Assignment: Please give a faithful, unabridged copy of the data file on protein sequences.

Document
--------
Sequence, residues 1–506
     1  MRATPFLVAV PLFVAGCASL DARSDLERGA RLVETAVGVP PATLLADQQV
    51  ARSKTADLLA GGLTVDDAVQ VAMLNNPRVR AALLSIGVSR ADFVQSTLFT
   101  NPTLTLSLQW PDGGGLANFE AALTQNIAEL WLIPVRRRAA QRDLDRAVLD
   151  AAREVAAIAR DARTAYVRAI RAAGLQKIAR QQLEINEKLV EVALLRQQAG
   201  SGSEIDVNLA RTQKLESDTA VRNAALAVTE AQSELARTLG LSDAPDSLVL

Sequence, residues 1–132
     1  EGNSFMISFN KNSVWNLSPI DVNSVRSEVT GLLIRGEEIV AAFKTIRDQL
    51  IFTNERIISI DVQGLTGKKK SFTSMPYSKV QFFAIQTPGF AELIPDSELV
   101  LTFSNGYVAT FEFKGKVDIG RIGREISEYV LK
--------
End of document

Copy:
Sequence, residues 1–506
     1  MRATPFLVAV PLFVAGCASL DARSDLERGA RLVETAVGVP PATLLADQQV
    51  ARSKTADLLA GGLTVDDAVQ VAMLNNPRVR AALLSIGVSR ADFVQSTLFT
   101  NPTLTLSLQW PDGGGLANFE AALTQNIAEL WLIPVRRRAA QRDLDRAVLD
   151  AAREVAAIAR DARTAYVRAI RAAGLQKIAR QQLEINEKLV EVALLRQQAG
   201  SGSEIDVNLA RTQKLESDTA VRNAALAVTE AQSELARTLG LSDAPDSLVL

Sequence, residues 1–132
     1  EGNSFMISFN KNSVWNLSPI DVNSVRSEVT GLLIRGEEIV AAFKTIRDQL
    51  IFTNERIISI DVQGLTGKKK SFTSMPYSKV QFFAIQTPGF AELIPDSELV
   101  LTFSNGYVAT FEFKGKVDIG RIGREISEYV LK